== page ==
By Ulises Roman Rodriguez, via El Planteo.
The relationship between tango and marijuana never fully materialized. If the world of tango opened up to the world of cannabis in the 90s, the poetry of the suburbs does not approach the culture of cannabis.
Tango, from its origins, has a long history with drugs, but marijuana has never been (and is not) the main character of popular tango lyrics.
In 1924, Celedonio Flores wrote the song “Fine milonga” a tango song that says: “You declared yourself milonga fina when you left with that idiot, who lured you with cocaine and took you to Armenonville”.
That same year, González Castilloin the same way Griseta writes: “And one night of champagne and ‘coco’, under the funereal lullaby of a bandoneon, the poor thing, she fell asleep…”.
“Tiempos Viejos” (Old Times) from 1926, a tango song by Francisco Canaro and Manuel Romero said, “Do you remember, my brother, what those times were like? They were other men, more men than ours. They knew neither coco nor morphine…”
One of the greatest poets of the genre, Enrique Cadicamois the author of “Fanfarron» (1928) a tango song which says: « These are mistakes… out of pure fantasy you dope yourself with cocaine and out of pure boredom you drive a citroén ».
The list goes on…many other tangos refer to cocaine in Lunfardo (local slang) as “merlusa”, “chabona”, “frula”, “camerusa”, “falopa”, “merca”, etc.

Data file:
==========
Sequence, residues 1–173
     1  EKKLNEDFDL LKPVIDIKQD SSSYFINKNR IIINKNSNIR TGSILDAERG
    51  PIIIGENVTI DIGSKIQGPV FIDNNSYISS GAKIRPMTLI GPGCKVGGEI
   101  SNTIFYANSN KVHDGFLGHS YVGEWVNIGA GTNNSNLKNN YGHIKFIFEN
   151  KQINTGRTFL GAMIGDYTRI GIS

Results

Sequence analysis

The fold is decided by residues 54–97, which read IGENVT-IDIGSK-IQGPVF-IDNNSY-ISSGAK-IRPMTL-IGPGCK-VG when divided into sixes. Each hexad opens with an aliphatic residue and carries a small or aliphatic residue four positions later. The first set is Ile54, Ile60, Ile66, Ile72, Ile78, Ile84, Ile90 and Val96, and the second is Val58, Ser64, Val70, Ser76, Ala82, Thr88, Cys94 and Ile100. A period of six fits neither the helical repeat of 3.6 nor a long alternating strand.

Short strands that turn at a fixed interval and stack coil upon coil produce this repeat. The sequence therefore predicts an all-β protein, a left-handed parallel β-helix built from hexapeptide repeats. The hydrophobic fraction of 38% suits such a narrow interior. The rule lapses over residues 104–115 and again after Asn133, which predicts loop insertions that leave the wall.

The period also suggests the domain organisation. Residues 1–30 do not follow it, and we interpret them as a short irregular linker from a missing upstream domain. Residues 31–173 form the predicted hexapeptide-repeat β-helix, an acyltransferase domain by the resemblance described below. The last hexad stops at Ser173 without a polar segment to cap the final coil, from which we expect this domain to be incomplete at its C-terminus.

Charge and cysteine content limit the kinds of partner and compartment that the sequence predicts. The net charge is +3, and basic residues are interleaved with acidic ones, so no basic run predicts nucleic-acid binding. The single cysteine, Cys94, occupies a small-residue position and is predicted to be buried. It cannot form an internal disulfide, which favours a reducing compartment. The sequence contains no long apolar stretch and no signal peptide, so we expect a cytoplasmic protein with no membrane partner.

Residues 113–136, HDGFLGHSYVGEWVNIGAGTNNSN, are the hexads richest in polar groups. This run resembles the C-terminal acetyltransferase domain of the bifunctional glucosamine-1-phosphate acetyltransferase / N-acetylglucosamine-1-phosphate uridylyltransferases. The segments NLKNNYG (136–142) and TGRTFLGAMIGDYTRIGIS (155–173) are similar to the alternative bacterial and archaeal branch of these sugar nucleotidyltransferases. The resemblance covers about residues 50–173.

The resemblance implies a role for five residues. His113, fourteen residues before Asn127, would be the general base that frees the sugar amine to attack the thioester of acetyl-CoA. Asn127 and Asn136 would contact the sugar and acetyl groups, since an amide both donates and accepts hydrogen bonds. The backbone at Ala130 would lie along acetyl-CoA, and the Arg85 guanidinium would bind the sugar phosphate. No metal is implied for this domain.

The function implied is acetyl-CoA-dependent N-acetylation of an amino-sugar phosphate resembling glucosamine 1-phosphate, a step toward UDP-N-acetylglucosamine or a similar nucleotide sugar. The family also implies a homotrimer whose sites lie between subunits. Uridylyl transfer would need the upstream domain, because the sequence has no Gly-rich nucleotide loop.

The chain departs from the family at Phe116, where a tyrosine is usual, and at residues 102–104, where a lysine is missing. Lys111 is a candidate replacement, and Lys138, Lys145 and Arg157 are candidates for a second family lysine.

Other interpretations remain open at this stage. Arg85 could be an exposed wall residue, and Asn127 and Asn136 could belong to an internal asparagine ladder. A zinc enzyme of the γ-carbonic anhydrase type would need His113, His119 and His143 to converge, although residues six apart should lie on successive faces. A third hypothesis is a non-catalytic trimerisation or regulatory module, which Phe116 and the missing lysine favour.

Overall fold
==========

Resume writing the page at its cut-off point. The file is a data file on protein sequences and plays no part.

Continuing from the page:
But… what about marijuana?
We sniff, we don’t blow
When discussing tango poetry, alcohol is the mind-altering substance that appears the most. It is always said that the tango entourage has always been linked to whiskey and cocaine.
“I think the old ‘tangueros’ used cocaine to be able to continue drinking whiskey,” said the musician, producer and composer. Federico Marquesto in El Planteo.
Marquestó together with Pablo Marchetti founded the “Falopa Set” who was part of 21st century tango revival (until its dissolution in 2016). They were the ones who introduced marijuana (“faso” in Lunfardo) to tango, through songs like “Latita”in which they say: “I’m going to pass, I don’t want to cry over my failure, I’m taking my little box of ‘faso’ with me because it’s my first aid kit”
“Tango as a culture is not about marijuana because marijuana is happy. Tango poetry is cursed and marijuana is not“says the musician who is now a lyricist and singer of”A bar in Tokyo”.
In his new project, Marquestó alludes to cannabis in “La Heladería”, a song that tells the story of a group of pothead friends from Villa Santa Rita-Villa del Parque (his neighborhood in Buenos Aires) who opened an ice cream parlor in December and closed it in January .